Even at the age of 37, his MVP season and performance in the postseason was more than enough to quell any hesitancy about his standing in 2021 and beyond. The campaign should have been over.
He had earned these three things: A longer-term buy-in from the front office, with guaranteed money that cemented him as the franchise centerpiece for the next three seasons; some consideration from general manager Brian Gutekunst when it came to retaining or adding some offensive players to the roster; and some clear backing from team president Mark Murphy when it came to navigating a tense relationship between the quarterback and general manager.
This is what Aaron Rodgers believes he earned. And when it became clear he wasn’t going to get one or maybe any of those needs met, it was time to seek another horizon. And according to sources close to the quarterback, that’s when he decided to express to the team brain trust that he wanted out.
"No. We're not going to trade Aaron Rodgers," Gutekunst told the Green Bay Press-Gazette on Thursday night after the draft.
We'll see now that this has blown up publicly.
We can go round and round about the mechanics of when this moment of supreme dissension arrived, but all that matters now is this is where it has settled: With Rodgers looking at Gutekunst as a general manager who is not fully invested in him, and with Gutekunst looking at Rodgers as a dwindling quarterback resource that necessitates replenishment before it actually runs out. It’s an age-old problem that continually confronts elite quarterbacks in the winter of their careers — this dynamic tension of wanting to maximize their final act while the decision makers around them are already planning for the curtain to drop.
The simple truth of this is the Packers should have seen this impasse coming after the 2020 season, when Rodgers exceeded the organizations expectations and drove a stake through the plan to begin a transition to Jordan Love in 2021 or 2022. Whatever the master plan was to engineer a smooth transition, it was clear that Rodgers wasn’t going to deteriorate to the point of making the change simple. That put the Packers into a position to make a choice: Either re-commit to Rodgers and scrap the Love transition plan in the next few years, or open their ears and listen to what Rodgers is saying about where he wants to go.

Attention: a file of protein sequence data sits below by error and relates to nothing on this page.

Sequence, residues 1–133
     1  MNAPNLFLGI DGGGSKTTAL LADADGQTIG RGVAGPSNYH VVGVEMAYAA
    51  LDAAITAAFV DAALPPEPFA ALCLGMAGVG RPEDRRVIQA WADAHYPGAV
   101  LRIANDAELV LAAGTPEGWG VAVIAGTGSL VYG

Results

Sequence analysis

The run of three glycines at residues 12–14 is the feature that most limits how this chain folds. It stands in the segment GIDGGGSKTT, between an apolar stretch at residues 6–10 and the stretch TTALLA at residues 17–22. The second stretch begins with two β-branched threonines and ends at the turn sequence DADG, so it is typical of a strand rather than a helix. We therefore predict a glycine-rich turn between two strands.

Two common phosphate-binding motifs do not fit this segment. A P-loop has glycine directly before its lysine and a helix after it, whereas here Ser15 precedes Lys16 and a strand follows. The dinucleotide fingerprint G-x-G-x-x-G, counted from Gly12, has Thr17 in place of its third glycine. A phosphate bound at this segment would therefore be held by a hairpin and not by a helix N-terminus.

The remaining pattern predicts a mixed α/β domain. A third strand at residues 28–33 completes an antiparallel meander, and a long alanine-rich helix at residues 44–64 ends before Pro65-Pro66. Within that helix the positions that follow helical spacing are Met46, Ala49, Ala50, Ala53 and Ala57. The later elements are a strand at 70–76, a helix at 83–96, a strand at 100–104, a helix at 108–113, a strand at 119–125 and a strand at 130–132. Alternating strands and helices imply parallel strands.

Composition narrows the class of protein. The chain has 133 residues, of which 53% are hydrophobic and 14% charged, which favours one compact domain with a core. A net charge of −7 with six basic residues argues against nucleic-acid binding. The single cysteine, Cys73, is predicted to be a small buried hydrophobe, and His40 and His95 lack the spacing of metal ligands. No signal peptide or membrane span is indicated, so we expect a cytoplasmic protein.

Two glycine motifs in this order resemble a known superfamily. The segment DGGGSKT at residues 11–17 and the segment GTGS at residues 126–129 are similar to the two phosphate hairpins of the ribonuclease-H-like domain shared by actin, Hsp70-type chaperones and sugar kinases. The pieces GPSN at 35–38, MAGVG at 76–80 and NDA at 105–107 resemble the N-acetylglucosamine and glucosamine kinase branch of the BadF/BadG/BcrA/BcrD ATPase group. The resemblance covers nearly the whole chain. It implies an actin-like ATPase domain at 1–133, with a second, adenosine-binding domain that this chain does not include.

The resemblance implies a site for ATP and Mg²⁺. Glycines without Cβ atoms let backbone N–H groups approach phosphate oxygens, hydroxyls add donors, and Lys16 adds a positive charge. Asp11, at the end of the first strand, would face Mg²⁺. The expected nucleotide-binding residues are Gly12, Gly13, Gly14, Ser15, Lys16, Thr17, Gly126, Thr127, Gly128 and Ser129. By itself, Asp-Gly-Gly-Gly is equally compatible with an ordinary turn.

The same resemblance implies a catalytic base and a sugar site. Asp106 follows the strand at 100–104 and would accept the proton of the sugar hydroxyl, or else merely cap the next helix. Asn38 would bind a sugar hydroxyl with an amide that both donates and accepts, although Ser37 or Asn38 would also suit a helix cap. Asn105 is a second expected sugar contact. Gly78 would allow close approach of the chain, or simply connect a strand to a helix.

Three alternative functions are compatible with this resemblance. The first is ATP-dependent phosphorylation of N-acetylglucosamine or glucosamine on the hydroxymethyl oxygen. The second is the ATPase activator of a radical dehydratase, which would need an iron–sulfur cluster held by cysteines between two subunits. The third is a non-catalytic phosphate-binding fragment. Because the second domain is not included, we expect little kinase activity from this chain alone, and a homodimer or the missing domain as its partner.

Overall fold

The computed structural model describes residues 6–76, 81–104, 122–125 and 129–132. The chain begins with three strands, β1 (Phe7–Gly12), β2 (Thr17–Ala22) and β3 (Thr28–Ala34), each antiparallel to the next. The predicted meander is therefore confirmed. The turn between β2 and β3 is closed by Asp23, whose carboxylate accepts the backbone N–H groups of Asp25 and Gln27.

The Packers fumbled both choices. And that’s how we arrived at Thursday, with Green Bay stealing the first day of the draft for all the wrong reasons. It all set up a swirl of narratives that will seek to place blame on one side or the other, rather than sharing in the unified destruction of the relationship between a Hall of Fame quarterback and his team of 16 years.
In some ways, it will smack of Tom Brady’s end with the New England Patriots and who was to blame there. And maybe one year from now, it will also reek of how the Tampa Bay Buccaneers going all-in on Brady in the aftermath of his Patriots departure, giving elite veteran quarterbacks a snapshot of how wonderful a second life (and second team) can actually be.
Some of that is mixed up in all of this — Rodgers getting a chance to see what things could be like with a new front office that might be unabashedly invested in his remaining years. And of course, there is some residue of guaranteed money that also brings some element of guaranteed power, too. It’s never just one thing that leads to this kind of uncomfortable intersection.
Rodgers bares some responsibility in this moment. But the Packers let it get to the stage where it pushed further out into public view, with Rodgers feeling like he had to play a chess match of vague statements about his future and the helplessness over the direction of his remaining years. Green Bay had to know it was going to get worse. And Gutekunst had to know that Rodgers had carved a more powerful position for himself by playing out of his mind in 2020.
Once that happened, it was incumbent on the Packers to sit down with Rodgers and listen to what he wanted for himself and his career. If he wanted a Brady situation and the franchise wasn’t going to relent to that, the next question was whether the Packers were prepared to engage in a public battle with their star quarterback. If they weren’t, then their ears needed to open to trade possibilities long before the first day of the draft.
Instead, Green Bay slow-played Rodgers on his contract demands, then tried to repair the damage when he stopped playing games and said it was time to sever ties. But at some point, the damage is beyond repair. If Rodgers doesn’t think Gutekunst believes in him — or maybe has a creeping suspicion that Gutekunst doesn’t really want him round — then there is no getting the toothpaste back into the tube. At least, not without some kind of significant mess that ends with Gutekunst's firing.
We know that’s not going to happen, not with Gutekunst showing the ability to successfully lead the franchise — well, all except one very important piece of it. So the choice now has crystalized: If Rodgers no longer wants to play for a Packers franchise that is shaped by someone he doesn’t feel believes in him, then the time for Rodgers to go has arrived.
We’ve been heading to this divorce for months. That Green Bay couldn’t stop it — and that Rodgers doesn’t appear to want to save it — is precisely why it’s time to relent to it. For everyone involved.
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